There are a large number of public NTP time servers available across the Internet. Here we aim to provide an insight into available network time servers, configuring your client and synchronization best practices.
The NTP Pool Project: Public Time Servers For Everyone
The NTP pool project has been around for some time. The project provides Internet access to very large virtual clusters of NTP servers. The time servers that make up the pools are volunteered and made public by individuals or enterprises that have servers on the internet. Pools of servers are located in most countries around the world. This allows clients to utilize a server that is relatively close, reducing round-trip delays and improving integrity.
The project is a subscription free service that is used world-wide by thousands of clients. Many computer systems and network devices are configured by default to synchronize to their time servers.
The NTP pool project is maintained by Ask Bjørn Hansen and a group of contributors.
Using the NTP Server Pools
You can simply specify the domain name “pool.ntp.org” which will instruct the pool system to attempt to find the closest available server to your location.
You can also use the prefix 0, 1 or 2 to specify different pools of servers, if multiple server names are required:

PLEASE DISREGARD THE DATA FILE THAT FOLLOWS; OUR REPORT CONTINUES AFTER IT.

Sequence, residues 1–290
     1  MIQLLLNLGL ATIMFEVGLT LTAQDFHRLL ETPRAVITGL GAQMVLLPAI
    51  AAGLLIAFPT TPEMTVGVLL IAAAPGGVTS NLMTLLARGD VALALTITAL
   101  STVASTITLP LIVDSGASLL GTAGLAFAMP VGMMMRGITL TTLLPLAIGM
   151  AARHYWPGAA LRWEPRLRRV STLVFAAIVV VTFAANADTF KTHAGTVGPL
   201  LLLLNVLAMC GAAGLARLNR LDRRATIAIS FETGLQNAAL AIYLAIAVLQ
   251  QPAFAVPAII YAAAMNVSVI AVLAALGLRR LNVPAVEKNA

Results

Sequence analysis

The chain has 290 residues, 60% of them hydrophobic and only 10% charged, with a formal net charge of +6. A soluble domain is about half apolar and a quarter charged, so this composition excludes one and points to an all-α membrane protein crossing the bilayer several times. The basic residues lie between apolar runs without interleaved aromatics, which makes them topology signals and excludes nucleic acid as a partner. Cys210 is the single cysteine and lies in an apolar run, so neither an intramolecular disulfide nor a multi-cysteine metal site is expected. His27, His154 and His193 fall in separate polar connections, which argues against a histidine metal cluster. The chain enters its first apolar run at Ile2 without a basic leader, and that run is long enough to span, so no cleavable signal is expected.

Almost every continent has a large number of clustered NTP time servers available. Including as of 2017, Europe at 2732, North America at 944, Asia at 243, Oceania at 109, making up a grand total of 4106 servers.
If you wish, you can specify continental zones in the domain name, as follows:
Alternatively, you can specify specific country zones:
Common European Pool Zones:
de.pool.ntp.org (Germany – Deutschland)
fr.pool.ntp.org (France – Française)
es.pool.ntp.org (Spain – España)
it.pool.ntp.org (Italy – Repubblica Italiana)
nl.pool.ntp.org (Netherlands – Nederland)
no.pool.ntp.org (Norway – Norge)
pt.pool.ntp.org (Portugal – Portuguesa )
se.pool.ntp.org (Sweden – Sverige)
Common North American Pool Zones:
Common Asian Pool Zones:
ae.pool.ntp.org (United Arab Emirates)
sa.pool.ntp.org (Saudi Arabia)
Again, for each of these zones, you can specify a 0, 1 or 2 prefix if multiple server names are required. For instance:
The domain names point to a random set of time servers in a particular zone that change every hour.
Regular changes are required so that clients can be distributed evenly between the available NTP servers, to prevent overloading.
Google Public Network Time Servers
Google have recently revealed that they have implemented public NTP with load balancers and atomic clocks in their world-wide data centres. However, Google have adopted a slightly different non-standard approach to leap second insertion. They have adopted leap-smearing technology to smoothly insert leap seconds over a period of time.